Published in Nature Cell Biology, researchers in Germany have developed an organoid model of the cervix, providing them with a unique way to study its normal biology and better understand why cancers develop.
'These fundamental findings form a basis for further understanding of the mechanisms involved in carcinogenesis at these metaplastic sites. To study how human papillomavirus (HPV), together with superseding bacterial infections, plays a key role in transforming cells to malignancy,' said Dr Cindrilla Chumduri from the Biocentre at the University of Würzburg, who led the study.
Organoids are tiny 3D structures made of cells – just a few millimetres in size – that are artificially developed to closely resemble whole organs. They are increasingly used in medical research to allow scientists to study life processes and the effect of drugs.
Prior to this new study, it was known that the cervix has two regions covered by two different types of epithelial cells – so called 'squamous epithelia' and 'columnar epithelia'. The boundaries between these two different cell types are called transition zones, and 90 perecent of cervical cancers originate at these sites. However, it was not known exactly how these two cell populations – and their boundaries – are ordinarily kept distinct in a healthy cervix, or why this is a hotspot for cancer development.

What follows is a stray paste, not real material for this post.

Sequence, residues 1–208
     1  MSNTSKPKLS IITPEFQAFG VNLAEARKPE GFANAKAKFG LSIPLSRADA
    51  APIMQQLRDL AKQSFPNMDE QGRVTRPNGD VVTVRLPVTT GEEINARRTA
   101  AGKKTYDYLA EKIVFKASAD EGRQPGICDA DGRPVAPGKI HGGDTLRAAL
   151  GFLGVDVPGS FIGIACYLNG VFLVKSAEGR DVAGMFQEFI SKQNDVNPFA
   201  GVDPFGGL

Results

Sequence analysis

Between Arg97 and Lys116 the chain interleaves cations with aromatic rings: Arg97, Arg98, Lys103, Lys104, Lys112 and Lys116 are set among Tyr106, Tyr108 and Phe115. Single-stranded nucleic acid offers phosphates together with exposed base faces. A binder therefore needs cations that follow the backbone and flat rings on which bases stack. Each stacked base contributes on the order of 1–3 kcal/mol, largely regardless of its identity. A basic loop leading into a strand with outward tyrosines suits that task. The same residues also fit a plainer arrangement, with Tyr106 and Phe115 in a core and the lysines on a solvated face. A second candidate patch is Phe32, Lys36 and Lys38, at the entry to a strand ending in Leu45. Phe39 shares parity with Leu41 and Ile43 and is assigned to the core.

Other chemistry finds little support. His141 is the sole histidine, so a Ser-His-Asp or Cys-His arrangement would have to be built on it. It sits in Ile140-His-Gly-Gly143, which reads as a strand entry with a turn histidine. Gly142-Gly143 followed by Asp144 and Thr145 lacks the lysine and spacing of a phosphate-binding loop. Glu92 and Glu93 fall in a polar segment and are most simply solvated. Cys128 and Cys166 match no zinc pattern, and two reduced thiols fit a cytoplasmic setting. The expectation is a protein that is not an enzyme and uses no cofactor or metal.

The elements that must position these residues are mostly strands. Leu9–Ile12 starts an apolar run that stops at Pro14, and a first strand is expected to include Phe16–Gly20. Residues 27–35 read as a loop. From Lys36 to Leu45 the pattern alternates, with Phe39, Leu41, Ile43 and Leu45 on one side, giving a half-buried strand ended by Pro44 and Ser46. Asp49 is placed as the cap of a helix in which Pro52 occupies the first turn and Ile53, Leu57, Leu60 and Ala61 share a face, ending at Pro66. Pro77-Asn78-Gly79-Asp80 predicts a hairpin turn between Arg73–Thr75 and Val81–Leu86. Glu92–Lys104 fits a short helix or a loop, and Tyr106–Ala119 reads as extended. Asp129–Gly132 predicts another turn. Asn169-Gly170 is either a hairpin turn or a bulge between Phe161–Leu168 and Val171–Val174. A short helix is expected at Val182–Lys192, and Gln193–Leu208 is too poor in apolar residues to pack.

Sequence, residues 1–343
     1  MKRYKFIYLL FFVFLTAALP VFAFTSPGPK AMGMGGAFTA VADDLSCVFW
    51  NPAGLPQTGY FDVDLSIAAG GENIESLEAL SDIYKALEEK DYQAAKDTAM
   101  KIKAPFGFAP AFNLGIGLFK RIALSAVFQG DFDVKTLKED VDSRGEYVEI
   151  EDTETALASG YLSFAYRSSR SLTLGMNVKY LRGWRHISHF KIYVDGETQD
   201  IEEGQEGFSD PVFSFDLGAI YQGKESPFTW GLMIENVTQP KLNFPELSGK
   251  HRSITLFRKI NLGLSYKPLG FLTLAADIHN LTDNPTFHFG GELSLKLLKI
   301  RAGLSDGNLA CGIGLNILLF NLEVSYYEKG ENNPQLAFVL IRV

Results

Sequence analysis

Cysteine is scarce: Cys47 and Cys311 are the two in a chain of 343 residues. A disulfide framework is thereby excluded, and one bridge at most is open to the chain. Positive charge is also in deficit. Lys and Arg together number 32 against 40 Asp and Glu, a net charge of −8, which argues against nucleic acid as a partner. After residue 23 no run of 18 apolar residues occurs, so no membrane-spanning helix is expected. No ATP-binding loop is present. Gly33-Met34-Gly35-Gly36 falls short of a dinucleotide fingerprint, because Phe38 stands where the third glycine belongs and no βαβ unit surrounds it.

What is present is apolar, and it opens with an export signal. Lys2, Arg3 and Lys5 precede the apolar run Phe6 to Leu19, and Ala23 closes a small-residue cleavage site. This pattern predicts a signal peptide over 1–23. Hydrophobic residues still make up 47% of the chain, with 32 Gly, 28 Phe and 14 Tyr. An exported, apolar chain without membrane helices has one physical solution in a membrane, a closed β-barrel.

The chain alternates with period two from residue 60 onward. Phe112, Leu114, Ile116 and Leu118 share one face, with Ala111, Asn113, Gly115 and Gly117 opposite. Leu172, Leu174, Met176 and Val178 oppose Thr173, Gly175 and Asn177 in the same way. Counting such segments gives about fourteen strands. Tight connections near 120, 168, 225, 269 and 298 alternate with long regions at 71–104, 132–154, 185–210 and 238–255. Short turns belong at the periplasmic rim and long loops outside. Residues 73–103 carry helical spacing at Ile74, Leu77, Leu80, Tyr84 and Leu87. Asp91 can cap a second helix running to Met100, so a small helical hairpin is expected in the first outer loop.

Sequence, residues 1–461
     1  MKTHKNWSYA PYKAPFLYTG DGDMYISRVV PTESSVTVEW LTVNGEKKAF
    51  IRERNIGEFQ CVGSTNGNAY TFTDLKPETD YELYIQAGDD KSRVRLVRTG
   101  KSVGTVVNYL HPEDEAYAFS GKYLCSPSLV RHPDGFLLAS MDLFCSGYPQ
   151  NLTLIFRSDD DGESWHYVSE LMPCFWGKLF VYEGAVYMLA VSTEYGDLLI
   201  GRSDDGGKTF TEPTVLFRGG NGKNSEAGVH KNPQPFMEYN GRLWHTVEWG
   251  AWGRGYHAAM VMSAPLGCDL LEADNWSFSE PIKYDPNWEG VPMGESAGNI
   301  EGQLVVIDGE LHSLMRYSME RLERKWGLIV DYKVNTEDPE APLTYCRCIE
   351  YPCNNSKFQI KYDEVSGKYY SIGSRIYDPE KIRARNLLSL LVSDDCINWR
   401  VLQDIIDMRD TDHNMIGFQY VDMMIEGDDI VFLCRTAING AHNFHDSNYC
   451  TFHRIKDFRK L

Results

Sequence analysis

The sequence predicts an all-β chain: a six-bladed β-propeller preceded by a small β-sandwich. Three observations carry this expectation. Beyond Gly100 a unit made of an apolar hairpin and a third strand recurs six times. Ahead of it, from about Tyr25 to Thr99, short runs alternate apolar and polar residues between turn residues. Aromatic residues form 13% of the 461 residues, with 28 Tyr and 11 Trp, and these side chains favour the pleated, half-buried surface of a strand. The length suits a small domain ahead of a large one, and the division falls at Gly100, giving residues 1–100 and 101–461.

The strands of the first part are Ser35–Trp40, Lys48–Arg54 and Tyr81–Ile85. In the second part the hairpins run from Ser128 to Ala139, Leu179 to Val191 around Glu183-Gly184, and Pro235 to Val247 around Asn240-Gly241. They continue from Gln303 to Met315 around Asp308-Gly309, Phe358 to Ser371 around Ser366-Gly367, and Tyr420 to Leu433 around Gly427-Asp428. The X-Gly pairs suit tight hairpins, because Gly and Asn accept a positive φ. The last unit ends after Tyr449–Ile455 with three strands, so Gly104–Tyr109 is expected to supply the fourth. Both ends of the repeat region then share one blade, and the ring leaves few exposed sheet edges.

Using the organoid structures, the researchers discovered that instead of the two different epithelial cell types developing from the same stem cells, they are in fact derived from two discrete stem cell populations.
Complex interactions between these stem cells and their surrounding microenvironment were found to be important for keeping the two types of cells separate and for ensuring a healthy cervical architecture. This is achieved using the Wnt signaling pathway – proteins known for their role in cellular differentiation, among other processes.
The researchers also showed that disrupting Wnt signalling can alter the homeostasis seen in the cervix, allowing one type of epithelium cell to replace the other – an early event in cancer development termed metaplasia. Different types of cervical cancers can develop depending on which epithelial cell population is displaced.
It is hoped that this improved understanding of the fundamental biology of the cervix and the molecular changes seen in cervical metaplasia will help improve our understanding of how certain viral and bacterial infections – principally HPV – cause cervical cancer.
Dr Chumduri also added, 'these critical insights can help to develop diagnostics for the early detection of these two tumour forms and new therapeutic strategies'.